The conference (organized by the SADC observer mission and donors) on the upcoming elections was a non-starter, with only Neo Simutanyi (Zambia’s preeminent political scientist), giving a talk that had significance. The rest of the conference was full of NGO-ese hot air. None of the major political parties had representation at the conference, even though this was SADC’s “fact finding” conference about the state of play in the elections.
Zambians will go to the polls next Tuesday.
According to the latest (and most reliable) opinion poll conducted by the Center for Policy Dialogue President Banda is leading the pack with 41%, followed closely by Sata at 38%.
I am attending a mini-conference tomorrow on the elections (academics, observers, NGOs, political parties, etc will be in attendance) and will report back after I get views from those closely involved.
The poll cited above predicts an MMD victory for the following reasons:
- Incumbency advantage: MMD is using state resources, including government workers, in its campaigns. Road repairs are all over the place, with Banda’s picture and the words “Your Money at Work”, on billboards next to every project.
- Divided opposition: Mr. Banda is polling a dismal 41%. A PF-UPND united front would almost certainly guarantee a victory for the opposition. But egos and personality politics remain a key barrier to opposition unity in Zambia. Some have claimed that MMD and UPND have a clandestine pact to deny PF victory in the polls. Post-election coalition building will reveal the veracity of these claims.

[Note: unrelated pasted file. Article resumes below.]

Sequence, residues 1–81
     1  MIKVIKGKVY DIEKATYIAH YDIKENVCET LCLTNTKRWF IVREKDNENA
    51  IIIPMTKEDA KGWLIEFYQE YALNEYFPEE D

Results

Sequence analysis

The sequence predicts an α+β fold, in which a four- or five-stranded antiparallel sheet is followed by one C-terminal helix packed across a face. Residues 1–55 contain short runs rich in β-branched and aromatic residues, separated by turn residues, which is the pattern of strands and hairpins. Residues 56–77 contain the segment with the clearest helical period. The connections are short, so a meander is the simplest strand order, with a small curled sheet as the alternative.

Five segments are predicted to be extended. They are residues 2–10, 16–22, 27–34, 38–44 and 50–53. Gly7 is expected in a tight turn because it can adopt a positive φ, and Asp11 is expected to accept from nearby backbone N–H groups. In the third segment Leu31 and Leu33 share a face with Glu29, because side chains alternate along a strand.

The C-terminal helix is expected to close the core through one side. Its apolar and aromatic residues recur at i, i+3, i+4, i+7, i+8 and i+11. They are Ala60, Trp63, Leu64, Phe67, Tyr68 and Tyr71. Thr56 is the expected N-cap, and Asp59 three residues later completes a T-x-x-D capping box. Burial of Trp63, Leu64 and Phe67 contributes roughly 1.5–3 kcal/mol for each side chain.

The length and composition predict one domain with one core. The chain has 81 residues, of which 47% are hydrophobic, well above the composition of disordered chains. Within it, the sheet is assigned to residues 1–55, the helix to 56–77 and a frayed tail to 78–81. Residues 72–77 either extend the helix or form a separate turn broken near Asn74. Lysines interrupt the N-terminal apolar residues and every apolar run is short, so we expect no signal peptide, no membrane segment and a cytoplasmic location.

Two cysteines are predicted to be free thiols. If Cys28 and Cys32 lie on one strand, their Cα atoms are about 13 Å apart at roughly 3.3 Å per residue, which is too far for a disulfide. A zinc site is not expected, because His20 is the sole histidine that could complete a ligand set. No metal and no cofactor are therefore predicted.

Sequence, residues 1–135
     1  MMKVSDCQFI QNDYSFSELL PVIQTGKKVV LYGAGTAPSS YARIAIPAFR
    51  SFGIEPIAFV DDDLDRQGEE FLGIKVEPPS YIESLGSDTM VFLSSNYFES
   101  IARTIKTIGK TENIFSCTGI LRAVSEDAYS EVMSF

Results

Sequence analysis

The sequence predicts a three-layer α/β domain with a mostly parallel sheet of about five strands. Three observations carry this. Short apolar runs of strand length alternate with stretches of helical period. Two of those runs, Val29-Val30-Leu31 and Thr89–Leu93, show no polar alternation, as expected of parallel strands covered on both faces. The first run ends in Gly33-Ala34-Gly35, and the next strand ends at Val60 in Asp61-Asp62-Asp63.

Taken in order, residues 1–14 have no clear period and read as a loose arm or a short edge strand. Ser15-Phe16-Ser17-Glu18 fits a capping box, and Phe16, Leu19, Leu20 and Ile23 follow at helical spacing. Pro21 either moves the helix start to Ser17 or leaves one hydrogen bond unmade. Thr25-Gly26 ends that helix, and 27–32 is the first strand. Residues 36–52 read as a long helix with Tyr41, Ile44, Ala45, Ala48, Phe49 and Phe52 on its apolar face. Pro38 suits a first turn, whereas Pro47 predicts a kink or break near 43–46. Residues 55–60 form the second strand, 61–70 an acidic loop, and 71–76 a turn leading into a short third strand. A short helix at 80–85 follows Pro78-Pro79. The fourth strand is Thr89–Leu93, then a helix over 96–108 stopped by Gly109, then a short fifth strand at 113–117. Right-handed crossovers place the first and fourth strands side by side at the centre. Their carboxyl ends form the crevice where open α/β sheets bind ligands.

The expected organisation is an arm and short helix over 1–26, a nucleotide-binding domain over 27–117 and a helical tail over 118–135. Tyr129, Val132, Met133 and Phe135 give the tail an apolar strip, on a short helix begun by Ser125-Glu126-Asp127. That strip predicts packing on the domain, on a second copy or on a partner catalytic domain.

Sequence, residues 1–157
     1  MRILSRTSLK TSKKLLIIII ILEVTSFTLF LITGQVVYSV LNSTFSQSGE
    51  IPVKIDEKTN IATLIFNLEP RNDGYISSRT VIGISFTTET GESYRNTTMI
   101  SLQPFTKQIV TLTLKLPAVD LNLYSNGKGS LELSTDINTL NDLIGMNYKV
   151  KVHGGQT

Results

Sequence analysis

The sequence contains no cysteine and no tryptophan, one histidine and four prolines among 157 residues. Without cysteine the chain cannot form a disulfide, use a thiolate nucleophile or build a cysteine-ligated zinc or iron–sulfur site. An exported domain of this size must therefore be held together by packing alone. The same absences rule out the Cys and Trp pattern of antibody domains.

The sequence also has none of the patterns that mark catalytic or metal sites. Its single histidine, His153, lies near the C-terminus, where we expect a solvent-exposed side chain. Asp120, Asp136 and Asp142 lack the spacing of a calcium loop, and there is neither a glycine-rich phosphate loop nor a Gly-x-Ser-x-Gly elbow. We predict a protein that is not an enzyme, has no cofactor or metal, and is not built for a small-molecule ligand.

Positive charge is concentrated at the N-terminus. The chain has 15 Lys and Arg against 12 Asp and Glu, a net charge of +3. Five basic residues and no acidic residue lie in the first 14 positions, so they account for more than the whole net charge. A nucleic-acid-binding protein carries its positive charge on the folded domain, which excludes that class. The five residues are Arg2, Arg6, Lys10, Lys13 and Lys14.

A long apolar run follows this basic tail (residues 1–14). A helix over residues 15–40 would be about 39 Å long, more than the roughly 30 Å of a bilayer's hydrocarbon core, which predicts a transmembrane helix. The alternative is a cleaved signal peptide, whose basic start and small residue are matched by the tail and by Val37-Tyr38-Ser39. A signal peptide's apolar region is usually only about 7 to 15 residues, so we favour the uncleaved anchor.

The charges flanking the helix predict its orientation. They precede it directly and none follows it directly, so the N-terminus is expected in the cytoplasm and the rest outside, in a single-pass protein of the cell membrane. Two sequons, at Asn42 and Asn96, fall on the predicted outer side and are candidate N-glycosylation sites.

- Opposition has ignored rural areas: In many parts of the rural areas you would be mistaken to think that MMD is the only party taking part in the elections. MMD posters and campaigners are everywhere. The opposition has, however, mostly concentrated its efforts in the urban areas. I recently had a chat with a PF operative who admitted that they strategy is to run up the numbers in the urban areas so that even if Banda rigs the rural vote he still won’t be able to beat them. The PF’s target number among urban voters is 2.7 million. There are slightly over 5.1 million registered voters in Zambia. Interestingly, there will be about 2.3 million new voters who did not take part in the last presidential election (turnout was a dismal 41%. Banda was elected president by only 18% of registered voters!!).
- Fear of Sata: Underneath all the campaigning there is the fear that Sata is unpredictable and dictatorial. Many in the private sector fear that he might try to change things too fast and end up messing up everything. Some admit that they will vote for Banda merely for the sake of continuity.
An MMD victory will however be a blow to the consolidation of Zambian democracy.
Since dislodging UNIP from power in 1991, MMD has increasingly become autocratic. Intolerance of the opposition and One-Party-Rule mentality is back in vogue. Indeed, many in its ranks are former members of President Kaunda’s court, including Vernon Mwaanga – derisively known locally as “Master dribbler” – who is notorious for being the brain behind MMD’s electoral manipulations.
Many of the founders of MMD have since decamped to PF.
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